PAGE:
The drama at opening night of Disney’s Beauty and the Beast began some fifteen minutes before curtain when ushers began coming through the theater instructing us that the touring company wanted us to put our phones away. I complied. As more people entered the theater more phones, father wants to snap a pic of their little one in front of the pre-show curtain, couples taking and posting selfies.
Eight minutes to curtain two Fort Worth police officers came into the theater, one down each aisle in instructing people to put their phone away. Not “no pictures”, phones must be put away before the show even starts. The touring company was adamant an usher told me.
I have attended some fifty odd Broadway shows, some on Broadway and have never seen this before. I am unclear why a four year old on Facebook in front of your curtain is an issue but I found it a really negative tone to start on. I have confirmed this is a touring company policy, their curtain is copyrighted and they do not want pictures taken, I wonder what Walt Disney would say? Is it not all about the joy and the magic for the children? That said…
You have no doubt heard me say that no one does Broadway like Disney and Beauty and the Beast is where it all began. In the early Nineties Disney and Houston’s Theater under the Stars both had the idea to take what the New York Times called 1991’s Best Musical to the stage but neither knew quite how to navigate the other’s world.
When Disney reached out and into the theater world looking for an LA theater that could pull off such a feat they were directed to Houston’s TUTS. Enter the talents of Alan Menken, Howard Ashman and Tim Rice and chances are you are going to have yourself a hit. Premiering at Houston’s Music Hall on November 28, 1993 Beauty would be the start of a Broadway Dynasty that soon will expand to include Frozen.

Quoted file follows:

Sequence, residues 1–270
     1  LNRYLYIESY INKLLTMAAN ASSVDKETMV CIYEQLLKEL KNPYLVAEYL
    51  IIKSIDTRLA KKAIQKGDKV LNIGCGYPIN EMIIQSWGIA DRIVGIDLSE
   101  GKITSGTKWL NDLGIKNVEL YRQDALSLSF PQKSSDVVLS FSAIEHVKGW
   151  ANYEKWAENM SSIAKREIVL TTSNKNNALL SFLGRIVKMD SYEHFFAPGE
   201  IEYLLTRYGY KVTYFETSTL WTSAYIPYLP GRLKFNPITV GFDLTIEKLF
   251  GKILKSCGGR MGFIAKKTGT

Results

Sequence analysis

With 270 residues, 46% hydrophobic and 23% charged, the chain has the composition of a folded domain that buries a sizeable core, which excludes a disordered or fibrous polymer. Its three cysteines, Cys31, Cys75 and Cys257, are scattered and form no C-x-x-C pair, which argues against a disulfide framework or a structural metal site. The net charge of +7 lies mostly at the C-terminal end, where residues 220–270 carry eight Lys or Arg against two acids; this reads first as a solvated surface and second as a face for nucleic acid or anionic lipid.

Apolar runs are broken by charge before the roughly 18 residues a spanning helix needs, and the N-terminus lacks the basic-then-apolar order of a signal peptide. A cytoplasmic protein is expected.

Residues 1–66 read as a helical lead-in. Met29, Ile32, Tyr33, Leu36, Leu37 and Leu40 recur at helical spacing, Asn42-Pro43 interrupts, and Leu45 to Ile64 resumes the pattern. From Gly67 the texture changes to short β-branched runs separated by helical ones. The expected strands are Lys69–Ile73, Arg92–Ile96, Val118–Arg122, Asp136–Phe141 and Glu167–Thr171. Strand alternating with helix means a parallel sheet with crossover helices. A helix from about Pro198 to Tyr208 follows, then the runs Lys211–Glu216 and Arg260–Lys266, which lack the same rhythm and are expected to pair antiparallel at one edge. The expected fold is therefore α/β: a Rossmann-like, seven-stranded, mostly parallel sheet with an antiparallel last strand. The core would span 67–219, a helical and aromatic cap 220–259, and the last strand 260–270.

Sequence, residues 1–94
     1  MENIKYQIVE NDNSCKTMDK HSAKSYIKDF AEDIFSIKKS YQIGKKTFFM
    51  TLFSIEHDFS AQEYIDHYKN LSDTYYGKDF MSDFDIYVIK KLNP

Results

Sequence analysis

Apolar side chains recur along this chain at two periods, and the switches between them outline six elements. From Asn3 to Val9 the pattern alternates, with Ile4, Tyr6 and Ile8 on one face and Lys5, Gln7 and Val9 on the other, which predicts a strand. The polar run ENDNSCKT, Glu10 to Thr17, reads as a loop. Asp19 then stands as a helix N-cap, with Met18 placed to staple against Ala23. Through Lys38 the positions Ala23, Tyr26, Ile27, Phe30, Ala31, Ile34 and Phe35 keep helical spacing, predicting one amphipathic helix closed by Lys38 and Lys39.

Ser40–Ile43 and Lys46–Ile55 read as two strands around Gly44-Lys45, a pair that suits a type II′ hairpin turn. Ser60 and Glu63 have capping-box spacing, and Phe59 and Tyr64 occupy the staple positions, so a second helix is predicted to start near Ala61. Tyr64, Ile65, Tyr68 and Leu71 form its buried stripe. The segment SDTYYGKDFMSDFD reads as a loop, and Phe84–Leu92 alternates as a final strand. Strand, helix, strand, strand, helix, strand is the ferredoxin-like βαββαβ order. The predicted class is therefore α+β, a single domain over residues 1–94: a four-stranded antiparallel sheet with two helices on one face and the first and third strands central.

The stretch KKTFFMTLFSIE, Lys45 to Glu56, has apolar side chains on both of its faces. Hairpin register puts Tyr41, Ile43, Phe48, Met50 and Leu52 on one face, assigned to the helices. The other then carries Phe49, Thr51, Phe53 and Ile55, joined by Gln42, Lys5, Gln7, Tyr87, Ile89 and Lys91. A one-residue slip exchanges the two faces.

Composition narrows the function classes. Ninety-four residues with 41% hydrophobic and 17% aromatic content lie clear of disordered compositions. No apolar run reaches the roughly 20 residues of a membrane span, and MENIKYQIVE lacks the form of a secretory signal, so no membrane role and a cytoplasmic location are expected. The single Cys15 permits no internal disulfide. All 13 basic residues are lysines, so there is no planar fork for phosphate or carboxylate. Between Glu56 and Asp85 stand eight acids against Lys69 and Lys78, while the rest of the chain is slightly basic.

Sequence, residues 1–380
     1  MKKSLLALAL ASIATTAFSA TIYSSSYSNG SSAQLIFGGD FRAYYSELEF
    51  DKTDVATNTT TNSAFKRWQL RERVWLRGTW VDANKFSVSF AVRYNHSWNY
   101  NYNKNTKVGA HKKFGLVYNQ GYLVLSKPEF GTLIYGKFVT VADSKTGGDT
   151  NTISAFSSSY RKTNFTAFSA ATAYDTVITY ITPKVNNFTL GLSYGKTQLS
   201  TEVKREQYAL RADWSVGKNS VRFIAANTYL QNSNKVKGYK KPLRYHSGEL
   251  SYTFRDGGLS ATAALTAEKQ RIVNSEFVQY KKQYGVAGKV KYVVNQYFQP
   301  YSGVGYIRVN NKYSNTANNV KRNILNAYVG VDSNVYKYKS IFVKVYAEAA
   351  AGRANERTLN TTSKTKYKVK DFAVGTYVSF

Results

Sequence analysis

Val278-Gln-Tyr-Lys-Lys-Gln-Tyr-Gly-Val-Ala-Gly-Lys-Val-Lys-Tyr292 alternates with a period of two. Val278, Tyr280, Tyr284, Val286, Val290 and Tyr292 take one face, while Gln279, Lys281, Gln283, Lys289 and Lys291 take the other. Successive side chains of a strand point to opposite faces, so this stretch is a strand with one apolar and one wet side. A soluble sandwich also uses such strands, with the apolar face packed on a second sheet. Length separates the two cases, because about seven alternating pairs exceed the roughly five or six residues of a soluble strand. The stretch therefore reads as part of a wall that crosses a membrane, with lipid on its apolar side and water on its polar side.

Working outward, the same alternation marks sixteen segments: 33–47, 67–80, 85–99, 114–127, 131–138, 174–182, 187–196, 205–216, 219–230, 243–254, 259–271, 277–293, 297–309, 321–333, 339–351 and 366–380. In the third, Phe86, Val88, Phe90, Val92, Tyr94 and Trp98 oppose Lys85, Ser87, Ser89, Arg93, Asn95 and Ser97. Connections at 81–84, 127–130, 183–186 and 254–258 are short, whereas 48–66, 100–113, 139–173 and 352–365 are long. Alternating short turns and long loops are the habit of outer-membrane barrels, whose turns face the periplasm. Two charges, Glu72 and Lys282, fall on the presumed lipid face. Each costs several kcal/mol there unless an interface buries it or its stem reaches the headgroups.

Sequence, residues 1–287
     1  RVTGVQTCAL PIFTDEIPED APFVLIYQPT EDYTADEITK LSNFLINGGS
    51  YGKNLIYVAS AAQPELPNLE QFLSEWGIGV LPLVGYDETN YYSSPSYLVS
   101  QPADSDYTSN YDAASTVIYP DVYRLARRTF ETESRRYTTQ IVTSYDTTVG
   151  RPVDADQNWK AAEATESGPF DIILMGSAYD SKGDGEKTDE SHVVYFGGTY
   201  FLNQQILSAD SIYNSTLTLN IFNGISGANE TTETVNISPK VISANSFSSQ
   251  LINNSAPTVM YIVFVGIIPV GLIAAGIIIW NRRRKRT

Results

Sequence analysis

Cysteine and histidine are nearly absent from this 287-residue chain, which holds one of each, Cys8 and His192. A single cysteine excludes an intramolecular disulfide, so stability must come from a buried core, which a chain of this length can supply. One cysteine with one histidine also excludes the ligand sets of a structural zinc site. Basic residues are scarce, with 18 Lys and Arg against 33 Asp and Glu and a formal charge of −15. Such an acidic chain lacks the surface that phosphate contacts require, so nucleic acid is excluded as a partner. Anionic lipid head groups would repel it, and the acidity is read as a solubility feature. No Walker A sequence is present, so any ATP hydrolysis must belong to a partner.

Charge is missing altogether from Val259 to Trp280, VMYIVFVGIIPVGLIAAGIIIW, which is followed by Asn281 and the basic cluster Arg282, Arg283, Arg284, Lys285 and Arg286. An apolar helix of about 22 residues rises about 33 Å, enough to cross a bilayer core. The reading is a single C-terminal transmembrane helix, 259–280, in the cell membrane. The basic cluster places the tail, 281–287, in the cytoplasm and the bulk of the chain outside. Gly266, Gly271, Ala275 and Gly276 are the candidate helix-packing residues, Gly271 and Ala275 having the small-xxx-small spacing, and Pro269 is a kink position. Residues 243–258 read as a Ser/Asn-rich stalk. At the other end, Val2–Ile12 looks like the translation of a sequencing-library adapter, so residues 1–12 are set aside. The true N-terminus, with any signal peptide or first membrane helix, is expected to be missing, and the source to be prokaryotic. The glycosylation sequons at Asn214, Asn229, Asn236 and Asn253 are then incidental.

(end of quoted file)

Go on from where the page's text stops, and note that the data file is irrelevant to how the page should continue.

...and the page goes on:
Beauty is the story of the selfish, spoiled young prince who turns away a beggar woman who then cautions him that beauty lies within. She curses him to live his life as unattractive on the outside as he is on the inside. As part of the curse his servants are gradually turned into various household objects, a clock, a candle, a tea pot. As time passes the servants and the beast have less chance of returning to their human form. The curse can only be broken if the beast finds true love. Enter Belle. A head strong, independent woman Belle is an unlikely match for the Beast and the chances of her falling in love with him seem slim.
This Twentieth Anniversary Tour is quite a spectacle to behold, it features bright stunning sets and costumes and the score is near perfection. The big bold production numbers including the irresistibly fun “Gaston”, the classic “Be Our Guest” and the sometimes deleted “Human Again” are a delight. A high point is the inclusion of “A Change in Me”. Written solely for Toni Braxton when she joined the cast in 1998 it was nice to find it here.
I saw the play some months ago in Dallas and found it tighter and a more enjoyable experience here. Jillian Butterfield as Belle is enchanting. Her headstrong Belle is sassy, her voice breathtaking. Ryan Everett Wood as Beast is instantly enthralling. His anger at the curse is overpowering and his struggle as he learns to overcome that anger elicits both cringes and laughs. His voice is as gorgeous as his beast is hideous. Kelly Teal Goyette as Madame De La Grand Bouche adds delightful comic relief whenever she is on stage.
The standout in this cast for me is Patrick Pevehouse as Lumiere. He is a joy to watch, his energy overtakes the stage anytime he is present. He is sexually suggestive in a delicious way and for me he is the highlight of the show.
Beauty and the Beast is a feast for old and young. The experience that only Bass Hall can offer in addition to this fun cast, vibrant atmosphere and the score you will likely already know make this night out a no brainer.
Beauty and the Beast plays Bass Hall through Sunday tickets are $49.50-$110 and available at http://www.basshall.com
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